UK Prime Minister Rishi Sunak announced Wednesday he will ease the transition to electric vehicles, allowing customers to choose to switch instead of being forced by the government, Kallanish reports.

In a televised speech on Downing Street, Sunak confirmed plans to change the UK net-zero approach leaked a day earlier. He said the decision to delay the ban on new petrol and diesel car and van sales to 2035, instead of 2030, reflects his “pragmatic, proportionate and realistic” new plan.

“We have been working hard to make the UK a [EV] world leader,” Sunak says. “I expect that by 2030, the vast majority of cars sold will be electric… because the costs are reducing, range improving, and the charging infrastructure is growing. People are already choosing an electric vehicle to such an extent that we’re registering a new one every 60 seconds.”

“But I also think, that at least for now, it should be you, the consumer, that makes that choice, not the government forcing you to do it because the upfront cost still is high – especially for families struggling with the cost of living,” he continues.

Despite “all the flack” he said he is getting with the new policy, which includes other areas, the PM says he is convinced the changes are right and courageous. He proposes a “sensible green leadership” which will see the UK remain committed to its net-zero target by 2050. By that, he means his policymaking will be based on “consent not imposition,” as his government “will never impose these unnecessary and heavy-handed measures on the British people.”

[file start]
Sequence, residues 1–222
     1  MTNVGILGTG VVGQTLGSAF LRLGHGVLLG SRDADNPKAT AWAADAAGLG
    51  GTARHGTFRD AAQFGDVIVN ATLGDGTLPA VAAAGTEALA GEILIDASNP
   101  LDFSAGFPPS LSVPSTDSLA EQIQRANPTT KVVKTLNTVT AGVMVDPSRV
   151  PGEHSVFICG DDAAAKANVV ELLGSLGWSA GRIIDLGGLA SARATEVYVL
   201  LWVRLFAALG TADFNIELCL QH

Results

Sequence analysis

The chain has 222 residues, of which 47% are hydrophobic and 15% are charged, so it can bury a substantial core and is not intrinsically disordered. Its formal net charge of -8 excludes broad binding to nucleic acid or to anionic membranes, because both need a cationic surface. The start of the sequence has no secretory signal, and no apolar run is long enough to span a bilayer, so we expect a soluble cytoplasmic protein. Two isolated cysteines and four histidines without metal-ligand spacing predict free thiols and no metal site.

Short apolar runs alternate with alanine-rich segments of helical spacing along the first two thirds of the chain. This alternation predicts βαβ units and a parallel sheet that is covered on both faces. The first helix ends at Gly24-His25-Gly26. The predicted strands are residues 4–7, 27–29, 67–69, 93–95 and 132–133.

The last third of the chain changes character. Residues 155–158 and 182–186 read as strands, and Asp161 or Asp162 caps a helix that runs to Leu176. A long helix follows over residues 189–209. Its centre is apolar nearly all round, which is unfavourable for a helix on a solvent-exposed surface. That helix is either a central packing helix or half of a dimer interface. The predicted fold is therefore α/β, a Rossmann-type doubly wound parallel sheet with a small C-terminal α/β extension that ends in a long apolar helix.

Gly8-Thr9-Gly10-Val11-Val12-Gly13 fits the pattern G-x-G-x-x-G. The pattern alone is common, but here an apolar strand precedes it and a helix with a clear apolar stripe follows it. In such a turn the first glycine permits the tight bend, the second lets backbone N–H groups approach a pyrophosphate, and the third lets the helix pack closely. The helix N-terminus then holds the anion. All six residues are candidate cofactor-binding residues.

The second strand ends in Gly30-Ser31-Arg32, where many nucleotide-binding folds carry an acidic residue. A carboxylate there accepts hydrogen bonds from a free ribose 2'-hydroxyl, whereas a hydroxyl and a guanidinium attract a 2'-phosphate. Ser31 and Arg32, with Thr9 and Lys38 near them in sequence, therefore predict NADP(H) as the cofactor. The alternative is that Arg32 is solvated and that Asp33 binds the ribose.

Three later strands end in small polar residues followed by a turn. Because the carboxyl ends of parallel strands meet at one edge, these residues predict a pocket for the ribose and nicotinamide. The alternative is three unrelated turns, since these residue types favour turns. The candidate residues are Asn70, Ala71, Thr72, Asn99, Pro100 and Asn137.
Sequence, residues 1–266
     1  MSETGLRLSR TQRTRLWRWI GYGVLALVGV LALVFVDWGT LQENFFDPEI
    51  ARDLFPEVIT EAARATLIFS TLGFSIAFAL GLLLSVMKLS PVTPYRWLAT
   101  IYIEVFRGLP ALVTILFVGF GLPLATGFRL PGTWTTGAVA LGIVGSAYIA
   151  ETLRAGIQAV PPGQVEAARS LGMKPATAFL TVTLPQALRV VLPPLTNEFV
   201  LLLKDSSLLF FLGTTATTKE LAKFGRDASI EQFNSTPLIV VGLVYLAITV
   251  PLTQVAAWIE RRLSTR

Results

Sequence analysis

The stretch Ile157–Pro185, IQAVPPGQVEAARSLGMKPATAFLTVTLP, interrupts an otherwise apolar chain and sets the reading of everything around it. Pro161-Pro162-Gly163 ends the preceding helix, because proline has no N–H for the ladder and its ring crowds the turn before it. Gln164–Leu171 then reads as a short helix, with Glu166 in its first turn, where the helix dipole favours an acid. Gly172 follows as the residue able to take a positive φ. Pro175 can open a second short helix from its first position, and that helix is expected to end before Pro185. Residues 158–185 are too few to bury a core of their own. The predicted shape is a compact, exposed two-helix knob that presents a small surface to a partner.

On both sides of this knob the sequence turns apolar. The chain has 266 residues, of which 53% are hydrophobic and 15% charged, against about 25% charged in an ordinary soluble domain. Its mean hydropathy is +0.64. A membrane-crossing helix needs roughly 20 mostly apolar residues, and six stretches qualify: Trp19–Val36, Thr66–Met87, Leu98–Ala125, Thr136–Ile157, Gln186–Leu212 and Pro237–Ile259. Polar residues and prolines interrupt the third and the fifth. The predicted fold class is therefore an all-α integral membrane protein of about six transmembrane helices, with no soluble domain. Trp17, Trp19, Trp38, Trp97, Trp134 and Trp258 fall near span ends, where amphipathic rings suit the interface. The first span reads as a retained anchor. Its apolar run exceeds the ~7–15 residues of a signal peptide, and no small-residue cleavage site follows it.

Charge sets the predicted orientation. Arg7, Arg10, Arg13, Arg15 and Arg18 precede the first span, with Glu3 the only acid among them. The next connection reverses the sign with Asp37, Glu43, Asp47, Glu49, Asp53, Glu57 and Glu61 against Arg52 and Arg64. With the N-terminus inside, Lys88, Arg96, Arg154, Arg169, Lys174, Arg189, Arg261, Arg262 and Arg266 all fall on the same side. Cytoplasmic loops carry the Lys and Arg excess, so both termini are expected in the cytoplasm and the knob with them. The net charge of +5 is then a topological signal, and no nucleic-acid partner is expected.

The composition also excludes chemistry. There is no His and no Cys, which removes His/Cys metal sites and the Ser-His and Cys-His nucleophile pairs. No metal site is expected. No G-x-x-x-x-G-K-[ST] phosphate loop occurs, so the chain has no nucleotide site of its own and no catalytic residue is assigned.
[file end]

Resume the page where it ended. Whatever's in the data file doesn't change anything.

Sunak denies the changes are “watering down” the UK’s green commitments and emphasises that the country is leading global decarbonisation already. He adds that the “extension” on new ICE sales is in line with Germany, France, Italy, Spain, Sweden, Australia, Canada and the US states of California, New York and Massachusetts. It’s also ahead of the rest of the US states and New Zealand, he claims.

Additionally, the politician says the change will enable the automotive industry to better prepare a supply chain that’s not reliant on fossil fuel-based and highly subsidised supplies; and enable the EV charging infrastructure to improve to meet the demand growth. “The best thing I can do for business is to ensure that we actually continue to deliver net-zero because it has the consent of the British public,” Sunak says, when asked about policy uncertainty affecting investments.

He also promised to shortly present the mandate on how to reach net-zero, referring to the regulation and details of the proposed Zero Emission Vehicle (ZEV) mandate, the auto industry has been waiting for.

The change also means petrol and diesel cars and vans will continue to be sold in the UK second-hand market after 2035.